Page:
You are here: Home » International » News » Others
Business Standard

Saudi clerics use Twitter, textbooks to spread hate: Human Rights Watch

New York-based watchdog accused religious heads of the country of making derogatory speech against the Shiite minority

AFP | PTI  |  Dubai 

twitter, tweet, social media

is condoning against its Shiite minority from the upper echelons of its religious establishment, schoolbooks and social media, Watch said on Tuesday.

Saudi clerics, including those holding official positions, have "vigorously employed" 21st-century tools, like Twitter, to stoke intolerance among millions of followers, the New-York based watchdog said.

Often their words rise to the level of "incitement to hatred or discrimination", it said.

Derogatory statements against made by influential clerics mirror language found in state-sanctioned religious edicts and even children's schoolbooks, which use widely understood terms to castigate Shiite religious beliefs, said.

The watchdog cited numerous examples, including a post in which Al-Sharif Hatem bin Aref al-Awni -- a former member of the government's -- hailed the bombing of a Shiite mosque in Qatif in 2015.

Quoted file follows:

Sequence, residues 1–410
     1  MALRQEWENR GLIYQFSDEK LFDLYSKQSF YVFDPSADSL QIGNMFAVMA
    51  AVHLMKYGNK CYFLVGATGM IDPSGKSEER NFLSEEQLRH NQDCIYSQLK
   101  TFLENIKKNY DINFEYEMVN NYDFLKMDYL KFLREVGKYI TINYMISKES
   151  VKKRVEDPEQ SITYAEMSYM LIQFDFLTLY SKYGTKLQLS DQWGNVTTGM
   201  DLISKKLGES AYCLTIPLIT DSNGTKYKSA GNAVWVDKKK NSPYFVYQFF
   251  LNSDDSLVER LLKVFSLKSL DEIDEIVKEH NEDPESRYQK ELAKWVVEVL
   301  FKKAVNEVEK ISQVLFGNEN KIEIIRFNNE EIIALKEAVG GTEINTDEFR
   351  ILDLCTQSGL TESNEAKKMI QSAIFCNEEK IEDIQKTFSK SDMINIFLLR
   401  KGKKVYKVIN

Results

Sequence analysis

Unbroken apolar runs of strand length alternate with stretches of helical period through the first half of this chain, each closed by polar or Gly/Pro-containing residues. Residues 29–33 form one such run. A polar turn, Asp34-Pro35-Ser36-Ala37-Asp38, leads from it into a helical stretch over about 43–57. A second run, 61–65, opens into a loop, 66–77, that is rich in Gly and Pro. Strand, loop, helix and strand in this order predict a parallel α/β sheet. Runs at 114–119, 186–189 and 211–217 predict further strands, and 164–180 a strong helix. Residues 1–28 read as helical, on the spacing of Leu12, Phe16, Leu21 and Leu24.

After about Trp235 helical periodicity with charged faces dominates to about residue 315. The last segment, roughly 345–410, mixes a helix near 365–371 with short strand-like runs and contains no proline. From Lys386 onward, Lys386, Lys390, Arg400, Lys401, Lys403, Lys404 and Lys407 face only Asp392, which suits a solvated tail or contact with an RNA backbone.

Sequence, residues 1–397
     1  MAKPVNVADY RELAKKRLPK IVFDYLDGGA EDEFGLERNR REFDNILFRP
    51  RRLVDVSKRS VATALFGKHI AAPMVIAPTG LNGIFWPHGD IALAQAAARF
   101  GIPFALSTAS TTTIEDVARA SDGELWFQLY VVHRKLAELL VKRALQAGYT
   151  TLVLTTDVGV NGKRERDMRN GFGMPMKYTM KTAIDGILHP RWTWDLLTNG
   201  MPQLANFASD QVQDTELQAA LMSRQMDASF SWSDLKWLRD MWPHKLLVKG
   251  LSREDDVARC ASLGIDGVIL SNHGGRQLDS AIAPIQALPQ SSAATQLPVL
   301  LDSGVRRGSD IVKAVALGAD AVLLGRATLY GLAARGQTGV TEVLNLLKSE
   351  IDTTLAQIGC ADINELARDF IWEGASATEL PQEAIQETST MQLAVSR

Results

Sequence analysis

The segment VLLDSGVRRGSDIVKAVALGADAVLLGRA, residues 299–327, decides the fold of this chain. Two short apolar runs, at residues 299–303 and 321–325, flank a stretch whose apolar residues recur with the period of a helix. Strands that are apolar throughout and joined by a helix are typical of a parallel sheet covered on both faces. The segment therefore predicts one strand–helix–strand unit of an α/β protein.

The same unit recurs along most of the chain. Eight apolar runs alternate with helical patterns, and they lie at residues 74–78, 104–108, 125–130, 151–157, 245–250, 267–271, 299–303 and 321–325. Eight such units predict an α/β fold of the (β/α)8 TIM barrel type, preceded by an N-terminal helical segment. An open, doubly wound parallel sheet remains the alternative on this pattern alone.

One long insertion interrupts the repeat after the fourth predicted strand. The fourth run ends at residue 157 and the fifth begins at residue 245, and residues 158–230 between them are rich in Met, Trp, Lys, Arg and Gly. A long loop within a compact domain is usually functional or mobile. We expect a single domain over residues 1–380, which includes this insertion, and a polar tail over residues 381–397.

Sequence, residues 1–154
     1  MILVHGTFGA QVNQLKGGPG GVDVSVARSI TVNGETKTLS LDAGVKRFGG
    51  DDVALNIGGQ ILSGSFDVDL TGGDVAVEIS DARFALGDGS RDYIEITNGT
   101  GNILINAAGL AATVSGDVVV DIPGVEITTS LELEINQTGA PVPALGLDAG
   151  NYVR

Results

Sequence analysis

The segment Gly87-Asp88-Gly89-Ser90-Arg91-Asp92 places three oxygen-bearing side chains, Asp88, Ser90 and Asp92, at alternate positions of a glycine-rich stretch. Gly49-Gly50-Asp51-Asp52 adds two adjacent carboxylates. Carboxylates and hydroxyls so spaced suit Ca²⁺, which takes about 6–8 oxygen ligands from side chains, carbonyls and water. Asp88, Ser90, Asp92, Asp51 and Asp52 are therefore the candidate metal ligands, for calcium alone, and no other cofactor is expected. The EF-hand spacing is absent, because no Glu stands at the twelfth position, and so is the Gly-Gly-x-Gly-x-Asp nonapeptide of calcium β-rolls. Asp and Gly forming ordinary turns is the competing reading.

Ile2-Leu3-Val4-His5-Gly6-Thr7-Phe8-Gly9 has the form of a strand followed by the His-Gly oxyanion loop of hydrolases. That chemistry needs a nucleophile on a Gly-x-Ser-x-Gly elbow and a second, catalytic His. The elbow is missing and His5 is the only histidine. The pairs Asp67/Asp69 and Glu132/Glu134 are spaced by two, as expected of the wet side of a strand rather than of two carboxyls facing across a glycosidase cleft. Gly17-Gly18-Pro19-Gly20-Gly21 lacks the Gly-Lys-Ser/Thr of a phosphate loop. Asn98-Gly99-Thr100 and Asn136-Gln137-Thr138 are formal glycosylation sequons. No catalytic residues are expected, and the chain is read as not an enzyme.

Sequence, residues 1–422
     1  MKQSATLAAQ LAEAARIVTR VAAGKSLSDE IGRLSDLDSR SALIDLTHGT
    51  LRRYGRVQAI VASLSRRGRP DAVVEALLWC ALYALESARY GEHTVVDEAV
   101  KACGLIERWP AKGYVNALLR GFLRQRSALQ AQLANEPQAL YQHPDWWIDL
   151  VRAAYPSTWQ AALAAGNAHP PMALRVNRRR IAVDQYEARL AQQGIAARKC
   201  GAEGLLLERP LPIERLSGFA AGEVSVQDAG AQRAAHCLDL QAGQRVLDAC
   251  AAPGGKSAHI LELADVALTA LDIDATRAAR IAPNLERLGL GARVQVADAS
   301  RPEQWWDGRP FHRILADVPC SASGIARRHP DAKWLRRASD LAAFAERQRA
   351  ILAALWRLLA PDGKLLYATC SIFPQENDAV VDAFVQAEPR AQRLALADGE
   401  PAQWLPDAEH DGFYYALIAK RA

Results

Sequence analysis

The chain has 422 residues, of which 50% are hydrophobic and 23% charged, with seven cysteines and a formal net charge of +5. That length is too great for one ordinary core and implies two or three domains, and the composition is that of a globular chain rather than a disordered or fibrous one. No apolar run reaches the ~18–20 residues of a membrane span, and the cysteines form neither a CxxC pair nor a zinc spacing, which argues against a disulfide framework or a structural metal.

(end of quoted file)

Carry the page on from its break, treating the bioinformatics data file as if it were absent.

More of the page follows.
He later removed the post, without explanation.

Anti-Shiite attitudes come from the top.

In September 2016, the current grand mufti of -- the country's highest religious authority -- told Okaz newspaper that Iranians are "not Muslims", researchers found.

They point out that such designations are dangerous in a country where apostasy can be punishable by death.

said against has had "fatal consequences" across the region, employed by groups including the Islamic State and Al-Qaeda as justification for targeting Shiite civilians and religious sites in Syria, Iraq and elsewhere.

"Saudi officials immediately condemned these attacks, but they have not acted to stamp out the that supports them," said.

On the contrary, Riyadh had on occasions punished those who attempted to unite Sunnis and Shiites, besides shutting down a committee which was working to unify the Sunni and Shiite lunar calendars.

The considers a country of "particular concern" when it comes to religious persecution, but successive administrations have waived the potential sanctions that come with such a designation.

urged the US, a key Saudi ally, to end the waiver.

First Published: Tue, September 26 2017. 15:38 IST